Bioabsorbable Implants For Flatfoot: Can They Work?

By Jeffrey S. Boberg, DPM, FACFAS, Timothy Oldani, DPM, and Nicholas Martin, DPM

What The Studies Reveal About The Efficacy Of Bioabsorable Implants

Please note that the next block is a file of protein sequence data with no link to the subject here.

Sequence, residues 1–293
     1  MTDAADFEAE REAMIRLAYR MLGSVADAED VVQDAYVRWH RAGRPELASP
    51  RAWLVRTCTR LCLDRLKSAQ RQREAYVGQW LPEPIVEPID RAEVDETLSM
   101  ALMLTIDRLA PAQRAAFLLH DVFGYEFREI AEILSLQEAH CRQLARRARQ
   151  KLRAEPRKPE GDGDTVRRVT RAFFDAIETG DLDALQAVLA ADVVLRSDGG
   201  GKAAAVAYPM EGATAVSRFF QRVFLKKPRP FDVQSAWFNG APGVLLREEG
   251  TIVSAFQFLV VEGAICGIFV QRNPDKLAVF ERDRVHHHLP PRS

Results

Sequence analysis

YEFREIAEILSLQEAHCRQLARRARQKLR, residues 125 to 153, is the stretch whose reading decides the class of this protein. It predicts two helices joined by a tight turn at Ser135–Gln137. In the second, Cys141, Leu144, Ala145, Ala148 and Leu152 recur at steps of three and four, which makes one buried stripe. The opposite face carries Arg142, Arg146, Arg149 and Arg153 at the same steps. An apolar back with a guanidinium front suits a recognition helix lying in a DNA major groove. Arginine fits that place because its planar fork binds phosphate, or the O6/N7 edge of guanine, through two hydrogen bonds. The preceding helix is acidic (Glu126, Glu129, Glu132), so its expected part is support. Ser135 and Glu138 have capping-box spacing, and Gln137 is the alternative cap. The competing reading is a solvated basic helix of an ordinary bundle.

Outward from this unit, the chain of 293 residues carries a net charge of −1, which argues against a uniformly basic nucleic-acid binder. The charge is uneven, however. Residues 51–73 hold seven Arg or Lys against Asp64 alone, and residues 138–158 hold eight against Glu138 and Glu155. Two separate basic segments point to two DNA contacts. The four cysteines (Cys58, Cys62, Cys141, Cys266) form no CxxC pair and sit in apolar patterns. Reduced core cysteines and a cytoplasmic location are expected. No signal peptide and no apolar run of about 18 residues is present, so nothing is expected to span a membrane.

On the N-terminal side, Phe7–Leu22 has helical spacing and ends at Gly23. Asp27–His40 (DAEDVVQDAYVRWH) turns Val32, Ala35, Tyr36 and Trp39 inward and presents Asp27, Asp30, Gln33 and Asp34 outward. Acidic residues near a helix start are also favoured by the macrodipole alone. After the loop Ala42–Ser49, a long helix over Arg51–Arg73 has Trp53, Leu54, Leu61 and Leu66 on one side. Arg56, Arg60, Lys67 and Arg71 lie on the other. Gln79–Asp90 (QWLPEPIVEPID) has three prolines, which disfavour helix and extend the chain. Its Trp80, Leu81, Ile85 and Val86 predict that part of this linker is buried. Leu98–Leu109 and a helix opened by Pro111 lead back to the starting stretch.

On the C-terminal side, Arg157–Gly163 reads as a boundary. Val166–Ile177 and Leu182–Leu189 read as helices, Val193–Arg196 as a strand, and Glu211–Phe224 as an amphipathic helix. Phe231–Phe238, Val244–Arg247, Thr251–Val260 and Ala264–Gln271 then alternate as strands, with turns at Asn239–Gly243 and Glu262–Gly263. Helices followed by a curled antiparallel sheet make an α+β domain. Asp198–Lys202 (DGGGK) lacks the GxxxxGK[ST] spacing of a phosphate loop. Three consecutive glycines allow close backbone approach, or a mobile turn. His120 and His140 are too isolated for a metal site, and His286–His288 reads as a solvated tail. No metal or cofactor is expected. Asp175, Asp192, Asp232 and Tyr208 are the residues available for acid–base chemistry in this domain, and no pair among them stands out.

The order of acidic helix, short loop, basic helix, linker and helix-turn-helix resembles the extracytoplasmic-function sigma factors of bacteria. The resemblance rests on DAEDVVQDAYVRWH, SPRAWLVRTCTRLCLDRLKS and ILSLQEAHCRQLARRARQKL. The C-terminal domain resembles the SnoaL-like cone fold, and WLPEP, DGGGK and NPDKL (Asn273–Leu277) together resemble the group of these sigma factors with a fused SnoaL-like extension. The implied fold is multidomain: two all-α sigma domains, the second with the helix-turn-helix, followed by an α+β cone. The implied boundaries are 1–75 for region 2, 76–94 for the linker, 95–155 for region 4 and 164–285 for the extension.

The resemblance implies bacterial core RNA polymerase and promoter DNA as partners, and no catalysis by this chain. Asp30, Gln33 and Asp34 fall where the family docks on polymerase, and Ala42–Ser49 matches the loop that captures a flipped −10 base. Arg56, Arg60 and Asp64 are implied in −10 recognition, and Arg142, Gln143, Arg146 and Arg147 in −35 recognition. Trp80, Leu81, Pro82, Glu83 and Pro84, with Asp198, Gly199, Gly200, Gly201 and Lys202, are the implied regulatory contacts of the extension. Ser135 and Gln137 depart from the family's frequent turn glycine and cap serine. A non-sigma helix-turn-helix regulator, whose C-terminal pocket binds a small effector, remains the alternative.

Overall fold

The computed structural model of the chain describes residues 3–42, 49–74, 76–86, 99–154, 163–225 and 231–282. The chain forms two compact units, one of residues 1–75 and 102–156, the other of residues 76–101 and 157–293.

Various authors have reported a wide range of applications for bioabsorbable implants in the literature, including the use of these modalities in osteotomies, fractures and arthrodeses. However, the surgeon must remember that in comparison to traditional metal implants, bioabsorbables possess inferior mechanical properties.18 Therefore, surgeons should reserve the use of these implants for instances when minimal load and stress will be applied, when healing will occur before the implant loses significant strength, and when surgeons would remove the implant under normal circumstances.9    Medial malleolar fractures and syndesmotic injuries are currently the most accepted applications for absorbable fixation. Bucholz, et. al., randomized 155 patients with displaced medial malleolar fractures.19 They managed one group with 4.0 mm stainless steel fixation while managing the other group with 4.0 mm PLA screw fixation. There was no significant difference between the groups in terms of fracture healing, postoperative complications or functional results. In addition, at an average follow-up of 37 months, no inflammatory reactions occurred in the PLA group.    Hovis, et. al., followed 23 patients with PLLA screw fixation of syndesmotic injuries for an average of 34 months.18 All patients returned to pre-injury levels of activity within the time of follow-up. There were no reactions to the absorbable material and no secondary procedures were required. The authors conclude that PLLA screws are ideal for fixation of these injuries because compression is not required in syndesmotic repairs.    Thordarson, et. al., compared bioabsorbable fixation to stainless steel screw fixation of syndesmotic injuries in pronation-external rotation ankle fractures.20 In a randomized study, the authors utilized fixation with a 4.5 mm PLA screw for 17 patients and employed a 4.5 mm stainless steel screw for 15 patients. After 11 months, all fractures healed uneventfully. In addition, there were no wound complications, no radiographic osteolytic changes and no inflammatory reactions in the PLA group.    The Lisfranc injury represents another clinical scenario in which approximation has more vital importance than compression. These injuries also typically require hardware removal after standard open reduction internal fixation (ORIF) with metal implants. Accordingly, Lisfranc injuries seem extremely conducive to bioabsorbable fixation. Thordarson and Hurvitz used PLA screws in 14 patients with Lisfranc fractures/dislocations.21 There was no loss of reduction after an average 20-month follow-up. There were also no reports of soft tissue or bone reaction to the implants.    Within a 10-year period, Rokkanen, et. al., performed a total of 2,500 orthopedic procedures using bioabsorbable materials.22 They reported fixation failure in 3.7 percent of the patients with PGA implant cases and encountered non-infectious inflammatory reactions in 2.3 percent of patients with PGA implants. The reaction appeared postoperatively at two to three months. However, no reactions occurred with the use of PLA implants.    Bioabsorbable implant use in pediatric patients is still under debate. Researchers published an experimental study on the effect of PDS implants placed across the growth plate of rabbits in 1989.23 A transphyseal 2.0 mm PDS implant showed no permanent growth disturbance and no histomorphometric change in comparison to a control. Böstman, et. al., published a study of PGA pins in treating 71 fractures in skeletally immature patients. According to the study, 87 percent of patients experienced anatomic healing until union.17 Still, the authors recommended long-term clinical studies before widespread use becomes commonplace for pediatric patients. However, keep in mind that these studies dealt with implanting devices into bone as opposed to soft tissues.

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